Medical Student Sues Marshall University Hospital for Unauthorized Sharing of X-rays

A medical student has filed a lawsuit against Marshall University and Cabell Huntington Hospital claiming that his x-rays were shared with fellow students in a class without his consent.

The lawsuit, filed by the student who identifies as J.M.A., claims that a professor at the Joan C. Edwards School of Medicine showed his x-rays to fellow students during a class. J.M.A. claims that the professor failed to remove the information that identified the x-rays as his. As such, the images were identifiable as his. As J.M.A’s consent was not obtained before the x-rays were shared, this incident potentially constitutes a breach of protected health information (PHI).

Another faculty member at the School of Medicine reported the incident to Marshall University. On April 15, 2018, the dean of the medical school wrote to J.M.A to inform him of the privacy violation. The university claimed that they were unaware that the professor was using the image as a teaching tool and therefore breaching J.M.A’s privacy rights.

In the lawsuit, J.M.A. claims he has suffered shame, humiliation, and severe anxiety as a direct result of the breach.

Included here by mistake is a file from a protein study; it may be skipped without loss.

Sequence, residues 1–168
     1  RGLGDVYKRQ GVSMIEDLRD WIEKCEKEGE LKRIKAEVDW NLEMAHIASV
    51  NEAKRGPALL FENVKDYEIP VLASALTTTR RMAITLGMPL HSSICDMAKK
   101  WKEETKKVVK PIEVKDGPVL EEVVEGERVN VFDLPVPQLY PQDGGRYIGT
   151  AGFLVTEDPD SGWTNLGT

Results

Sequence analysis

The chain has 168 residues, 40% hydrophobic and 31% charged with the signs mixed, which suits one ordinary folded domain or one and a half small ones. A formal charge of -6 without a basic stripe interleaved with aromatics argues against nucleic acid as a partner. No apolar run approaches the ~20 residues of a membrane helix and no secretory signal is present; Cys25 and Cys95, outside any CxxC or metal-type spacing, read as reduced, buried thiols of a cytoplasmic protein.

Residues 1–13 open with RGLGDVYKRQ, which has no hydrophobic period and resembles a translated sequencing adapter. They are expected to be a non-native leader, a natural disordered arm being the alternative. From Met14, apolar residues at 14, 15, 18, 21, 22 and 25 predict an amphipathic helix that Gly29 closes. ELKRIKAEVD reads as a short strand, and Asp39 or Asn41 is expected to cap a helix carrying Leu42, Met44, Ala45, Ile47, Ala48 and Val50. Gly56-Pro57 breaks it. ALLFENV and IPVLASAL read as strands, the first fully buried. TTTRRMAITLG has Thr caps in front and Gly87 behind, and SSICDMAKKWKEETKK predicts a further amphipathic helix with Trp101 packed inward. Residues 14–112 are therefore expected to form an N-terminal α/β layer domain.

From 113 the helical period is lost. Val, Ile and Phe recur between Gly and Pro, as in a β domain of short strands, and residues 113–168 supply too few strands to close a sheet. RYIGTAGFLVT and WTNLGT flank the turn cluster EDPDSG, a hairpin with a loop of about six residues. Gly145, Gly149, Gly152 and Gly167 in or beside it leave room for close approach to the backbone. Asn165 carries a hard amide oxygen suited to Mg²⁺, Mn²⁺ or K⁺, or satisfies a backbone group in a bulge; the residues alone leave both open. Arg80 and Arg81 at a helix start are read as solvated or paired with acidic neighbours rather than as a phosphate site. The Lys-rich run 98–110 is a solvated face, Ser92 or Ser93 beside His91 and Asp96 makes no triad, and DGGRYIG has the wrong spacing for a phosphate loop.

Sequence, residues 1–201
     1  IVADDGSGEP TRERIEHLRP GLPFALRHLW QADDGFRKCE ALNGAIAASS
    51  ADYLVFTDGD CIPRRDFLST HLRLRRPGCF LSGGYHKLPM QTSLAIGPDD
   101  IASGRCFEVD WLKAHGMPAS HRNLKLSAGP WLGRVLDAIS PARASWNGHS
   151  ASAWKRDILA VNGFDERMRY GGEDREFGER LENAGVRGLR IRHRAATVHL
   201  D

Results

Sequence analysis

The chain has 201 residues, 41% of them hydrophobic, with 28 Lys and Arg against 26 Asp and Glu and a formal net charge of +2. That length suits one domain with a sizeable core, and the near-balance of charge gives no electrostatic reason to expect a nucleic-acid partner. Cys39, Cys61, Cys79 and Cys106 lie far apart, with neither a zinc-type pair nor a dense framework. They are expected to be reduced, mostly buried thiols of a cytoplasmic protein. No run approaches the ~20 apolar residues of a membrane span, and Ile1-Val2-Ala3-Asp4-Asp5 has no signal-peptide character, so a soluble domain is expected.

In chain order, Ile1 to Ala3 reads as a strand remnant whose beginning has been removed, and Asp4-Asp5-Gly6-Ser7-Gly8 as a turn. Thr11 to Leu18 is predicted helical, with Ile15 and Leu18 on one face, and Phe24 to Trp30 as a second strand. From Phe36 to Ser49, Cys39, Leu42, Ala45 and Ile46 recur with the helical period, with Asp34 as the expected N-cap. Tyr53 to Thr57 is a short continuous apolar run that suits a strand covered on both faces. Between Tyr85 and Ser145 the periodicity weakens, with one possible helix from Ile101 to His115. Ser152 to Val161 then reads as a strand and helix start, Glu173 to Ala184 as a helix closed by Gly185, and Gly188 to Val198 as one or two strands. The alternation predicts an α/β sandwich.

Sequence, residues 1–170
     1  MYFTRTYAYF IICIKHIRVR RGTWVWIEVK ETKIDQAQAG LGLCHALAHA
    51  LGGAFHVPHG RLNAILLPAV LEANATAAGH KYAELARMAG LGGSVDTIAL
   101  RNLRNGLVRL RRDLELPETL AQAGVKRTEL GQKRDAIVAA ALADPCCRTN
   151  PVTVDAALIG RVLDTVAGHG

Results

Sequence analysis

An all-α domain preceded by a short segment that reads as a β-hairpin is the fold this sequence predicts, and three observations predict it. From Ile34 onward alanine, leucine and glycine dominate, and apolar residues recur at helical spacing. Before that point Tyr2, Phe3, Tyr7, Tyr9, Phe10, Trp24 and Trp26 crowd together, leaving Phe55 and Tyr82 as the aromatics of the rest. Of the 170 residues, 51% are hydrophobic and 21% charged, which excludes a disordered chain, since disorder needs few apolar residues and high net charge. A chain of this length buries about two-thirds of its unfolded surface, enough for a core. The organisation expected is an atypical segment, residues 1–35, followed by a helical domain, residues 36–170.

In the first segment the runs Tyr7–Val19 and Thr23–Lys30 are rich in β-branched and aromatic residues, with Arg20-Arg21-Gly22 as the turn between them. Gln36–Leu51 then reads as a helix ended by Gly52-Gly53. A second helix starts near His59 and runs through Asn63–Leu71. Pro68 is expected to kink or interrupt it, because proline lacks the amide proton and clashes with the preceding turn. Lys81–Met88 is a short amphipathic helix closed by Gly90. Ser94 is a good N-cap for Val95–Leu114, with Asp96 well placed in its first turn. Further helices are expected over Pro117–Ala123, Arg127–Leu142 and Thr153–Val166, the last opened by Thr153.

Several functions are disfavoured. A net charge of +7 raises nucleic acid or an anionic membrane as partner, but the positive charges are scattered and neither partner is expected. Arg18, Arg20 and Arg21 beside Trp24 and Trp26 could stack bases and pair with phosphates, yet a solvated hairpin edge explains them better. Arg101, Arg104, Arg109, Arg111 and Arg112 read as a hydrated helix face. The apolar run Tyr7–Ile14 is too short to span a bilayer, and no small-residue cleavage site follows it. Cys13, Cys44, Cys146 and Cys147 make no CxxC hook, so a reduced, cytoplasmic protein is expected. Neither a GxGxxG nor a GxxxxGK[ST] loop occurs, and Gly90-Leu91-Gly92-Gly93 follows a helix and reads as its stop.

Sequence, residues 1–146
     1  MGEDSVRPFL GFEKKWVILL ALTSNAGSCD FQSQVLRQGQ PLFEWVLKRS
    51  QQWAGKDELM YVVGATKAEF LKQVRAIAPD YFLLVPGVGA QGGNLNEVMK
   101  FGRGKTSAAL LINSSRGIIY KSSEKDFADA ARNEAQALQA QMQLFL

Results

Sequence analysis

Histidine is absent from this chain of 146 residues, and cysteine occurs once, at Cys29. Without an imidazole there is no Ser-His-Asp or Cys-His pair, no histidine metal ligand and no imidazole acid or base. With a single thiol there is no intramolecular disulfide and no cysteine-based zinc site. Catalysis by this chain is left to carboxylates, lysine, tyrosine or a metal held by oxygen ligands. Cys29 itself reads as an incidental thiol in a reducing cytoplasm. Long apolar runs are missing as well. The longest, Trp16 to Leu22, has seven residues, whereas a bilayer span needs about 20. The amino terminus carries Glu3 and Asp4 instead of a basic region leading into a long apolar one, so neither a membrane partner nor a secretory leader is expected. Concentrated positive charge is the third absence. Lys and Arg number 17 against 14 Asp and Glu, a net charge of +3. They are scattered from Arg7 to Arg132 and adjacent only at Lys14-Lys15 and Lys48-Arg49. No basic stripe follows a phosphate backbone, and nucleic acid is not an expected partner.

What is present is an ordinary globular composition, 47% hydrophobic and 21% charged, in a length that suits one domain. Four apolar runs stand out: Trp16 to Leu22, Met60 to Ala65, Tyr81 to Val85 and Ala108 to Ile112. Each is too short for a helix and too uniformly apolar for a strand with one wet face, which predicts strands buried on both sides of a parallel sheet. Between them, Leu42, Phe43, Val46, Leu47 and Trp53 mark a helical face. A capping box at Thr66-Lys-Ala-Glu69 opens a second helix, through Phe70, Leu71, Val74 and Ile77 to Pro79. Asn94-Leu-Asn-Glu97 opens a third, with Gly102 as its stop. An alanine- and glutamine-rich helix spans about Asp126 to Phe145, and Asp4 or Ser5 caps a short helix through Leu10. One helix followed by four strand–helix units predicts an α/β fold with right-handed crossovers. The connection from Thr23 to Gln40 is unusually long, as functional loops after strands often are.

“By the medical school’s own admission, it did not become aware of its own employee’s conduct until another faculty member brought it to its attention,” J.M.A. complaint stated. “It is unclear how many people were able to view the Plaintiff’s sensitive medical information, and to how many other individuals they reported what they saw.”

J.M.A is represented by Troy N. Giatras, Matthew W. Stonestreet, and Phillip A. Childs of The Giatras Law Firm, and is seeking compensatory and punitive damages.

The defendants have submitted three motions to dismiss the lawsuit. The defendants include Cabell Huntington Hospital, Marshall University Joan C. Edwards School of Medicine, Marshall University Board of Governors, and Radiology Inc.

The defendants are seeking to have the case dismissed as the “civil action was not brought in the county wherein the cause of action arose, there is no provision for transfer of venue to another county in West Virginia.”

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